During one episode Feb. 11, 2012, Loudon reported that he used a stun gun because he felt threatened by a man with a snowboard. Loudon was on the Hyman Avenue pedestrian mall, where two men were on the verge of fighting, the officer reported.
“As I got closer, (one man) pulled the snowboard away from (the other man) with two hands,” Loudon wrote. “Not knowing (the man’s) intentions with the snowboard, I drew my Taser. I yelled for the last time ‘Stop police!’ as (the man) drew the snowboard back toward himself. As I neared (the man) I could see his full muscular size and knew I could not stop any of (his) actions on my own. I also knew that snowboards have a fine metal edge capable of cutting. I decided to deploy the Taser to stop (the man’s) actions and prevent any injury to himself or (the other man). I hit (the man) with the Taser probes on his chest, one above his left nipple and one in the abdomen. (The man) immediately stopped what he was doing, dropped the snowboard and fell to the ground, without injuring himself.”
Loudon then handcuffed the man, who “complied immediately,” the officer reported.
Another incident, on March 10, 2011, involved two football players for Michigan State University. Loudon had responded to a disturbance at the now-defunct Regal Watering Hole in the early morning hours. The two athletes, tight end Brian Linthicum and linebacker Max Bullough, had attacked a patron at the bar, according to witness reports.
When Loudon and other police arrived, the tandem fled the scene, ignoring authorities’ commands to stop. When Loudon came within about 8 feet of Linthicum, he deployed a Taser, hitting the athlete in the upper part of his back. Linthicum dropped to the ground and was handcuffed. Loudon reportedly said he had no choice but to use a stun gun on Linthicum. Linthicum, now a free agent in the NFL, also was warned about the Taser, Loudon wrote.
An additional incident led to a Snowmass Village man being hospitalized after Loudon stunned him with a Taser. That happened June 8, 2013, when the man had been causing trouble at the Regal. Loudon approached the suspect and identified him, learning there was a warrant for his arrest for failing to appear in Garfield County Court. Once notified of the warrant, the man dashed down Galena Street, Loudon reported.
“I ran after (the man) and yelled ‘Stop police!’” Loudon wrote. “I drew my Taser, pointed it onto (the man’s) back and deployed the Taser in probe mode. I was approximately twelve feet behind (the man) when the Taser was deployed. (The man) fell to the ground, face first.”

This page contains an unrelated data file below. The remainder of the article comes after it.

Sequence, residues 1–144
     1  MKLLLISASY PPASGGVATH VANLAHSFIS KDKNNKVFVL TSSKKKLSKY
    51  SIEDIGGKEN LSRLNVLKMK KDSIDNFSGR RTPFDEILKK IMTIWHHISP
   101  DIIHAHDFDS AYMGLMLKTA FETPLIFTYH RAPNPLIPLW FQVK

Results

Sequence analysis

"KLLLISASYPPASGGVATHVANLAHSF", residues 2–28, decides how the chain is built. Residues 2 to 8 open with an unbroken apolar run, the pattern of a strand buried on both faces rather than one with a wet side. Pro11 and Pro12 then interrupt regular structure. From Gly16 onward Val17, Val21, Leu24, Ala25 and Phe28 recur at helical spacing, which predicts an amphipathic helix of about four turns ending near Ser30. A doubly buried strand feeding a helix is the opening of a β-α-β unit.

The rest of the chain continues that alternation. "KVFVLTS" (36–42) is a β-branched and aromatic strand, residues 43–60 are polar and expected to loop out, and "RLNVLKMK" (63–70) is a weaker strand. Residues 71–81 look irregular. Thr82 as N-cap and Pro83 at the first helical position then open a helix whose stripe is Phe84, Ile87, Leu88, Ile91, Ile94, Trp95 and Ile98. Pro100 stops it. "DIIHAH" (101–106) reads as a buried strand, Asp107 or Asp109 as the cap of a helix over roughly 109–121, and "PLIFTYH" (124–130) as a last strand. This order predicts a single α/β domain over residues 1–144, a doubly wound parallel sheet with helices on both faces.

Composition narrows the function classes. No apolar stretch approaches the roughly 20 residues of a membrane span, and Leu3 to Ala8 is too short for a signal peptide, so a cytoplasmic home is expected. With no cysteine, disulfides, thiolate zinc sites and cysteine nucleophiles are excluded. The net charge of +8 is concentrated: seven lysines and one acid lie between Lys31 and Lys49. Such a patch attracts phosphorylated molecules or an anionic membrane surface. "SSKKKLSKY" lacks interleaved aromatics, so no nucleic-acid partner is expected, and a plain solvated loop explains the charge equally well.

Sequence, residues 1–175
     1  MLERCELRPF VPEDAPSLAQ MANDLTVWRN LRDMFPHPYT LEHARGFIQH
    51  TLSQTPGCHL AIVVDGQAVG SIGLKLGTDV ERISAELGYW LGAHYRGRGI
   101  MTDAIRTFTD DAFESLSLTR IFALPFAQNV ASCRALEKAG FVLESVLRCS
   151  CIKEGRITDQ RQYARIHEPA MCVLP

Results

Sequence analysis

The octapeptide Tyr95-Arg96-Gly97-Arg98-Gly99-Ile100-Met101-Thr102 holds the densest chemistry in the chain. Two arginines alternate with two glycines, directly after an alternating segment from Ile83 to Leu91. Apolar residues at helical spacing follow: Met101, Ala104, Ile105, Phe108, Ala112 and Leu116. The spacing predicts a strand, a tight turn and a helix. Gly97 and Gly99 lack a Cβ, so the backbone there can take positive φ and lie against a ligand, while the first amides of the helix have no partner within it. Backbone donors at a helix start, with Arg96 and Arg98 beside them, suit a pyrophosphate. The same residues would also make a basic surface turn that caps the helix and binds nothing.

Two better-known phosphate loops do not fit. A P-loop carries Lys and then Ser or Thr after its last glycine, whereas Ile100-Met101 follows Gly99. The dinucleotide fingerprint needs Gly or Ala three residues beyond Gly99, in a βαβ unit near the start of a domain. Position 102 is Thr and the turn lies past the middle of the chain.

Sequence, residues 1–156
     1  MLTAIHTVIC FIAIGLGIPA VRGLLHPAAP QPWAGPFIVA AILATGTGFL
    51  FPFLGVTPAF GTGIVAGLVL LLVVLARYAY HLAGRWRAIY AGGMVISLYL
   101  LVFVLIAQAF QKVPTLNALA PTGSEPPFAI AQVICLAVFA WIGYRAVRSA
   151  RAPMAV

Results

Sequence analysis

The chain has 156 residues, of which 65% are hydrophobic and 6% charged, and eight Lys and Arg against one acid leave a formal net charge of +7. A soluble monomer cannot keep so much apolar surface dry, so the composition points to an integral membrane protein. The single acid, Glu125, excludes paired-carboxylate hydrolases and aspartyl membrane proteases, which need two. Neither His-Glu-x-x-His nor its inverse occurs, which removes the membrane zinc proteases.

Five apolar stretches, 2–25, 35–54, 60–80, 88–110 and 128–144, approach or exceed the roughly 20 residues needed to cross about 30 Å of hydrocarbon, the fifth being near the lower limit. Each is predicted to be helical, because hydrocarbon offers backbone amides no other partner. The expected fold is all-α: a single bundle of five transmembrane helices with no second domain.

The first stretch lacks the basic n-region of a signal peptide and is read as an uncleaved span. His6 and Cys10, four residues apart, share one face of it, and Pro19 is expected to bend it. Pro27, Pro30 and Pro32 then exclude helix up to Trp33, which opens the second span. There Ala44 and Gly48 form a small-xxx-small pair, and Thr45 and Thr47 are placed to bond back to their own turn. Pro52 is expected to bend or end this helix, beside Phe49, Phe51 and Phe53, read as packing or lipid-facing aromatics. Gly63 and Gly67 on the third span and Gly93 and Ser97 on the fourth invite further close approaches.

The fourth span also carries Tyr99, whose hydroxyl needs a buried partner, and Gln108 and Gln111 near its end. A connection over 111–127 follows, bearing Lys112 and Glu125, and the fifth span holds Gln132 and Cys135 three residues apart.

The suspect, a construction worker, suffered lacerations and abrasions to his face and was treated at Aspen Valley Hospital. The incident prompted a review by Aspen police and an officer from an outside agency.
At the time, Assistant Police Chief Bill Linn said, “Specifically, an officer is justified in using reasonable force when they’re affecting an arrest or preventing the escape, and the rest of that test is based on the severity of the threat to officers and others.”
The high school arrest
Aspen School District administrators have asked the Police Department to keep an eye on the area where they say substance use has become too frequent among students. That area includes the bus stop on Maroon Creek Road, which is near both the school campus and the Aspen Recreation Center.
The day Loudon arrested the teen, the officer initially was by himself.
“Generally speaking, we would prefer more than one officer to make an arrest,” Pryor said.
But Loudon initially hadn’t planned to arrest the student, Pryor said.
“This is one of many conflicts about the concept of community policing,” Pryor said. “When an officer sees something happening, do you want three cops to pull up? I’d hope an officer can approach someone and have a dialogue and move on rather than sending more officers there. Maybe you end up with three cars there, and is that what this community wants?”
But the downside of not having aid is the potential for something to go awry and putting an officer in danger.
The Aspen Police Department has long held community policing as its central value, a philosophy rooted in preventing arrests rather than making them, which is supposed to establish trust among residents.
“The culture that Richard Pryor has built within the Police Department is a good one, I believe, and is very much based on serving the community,” Skadron said.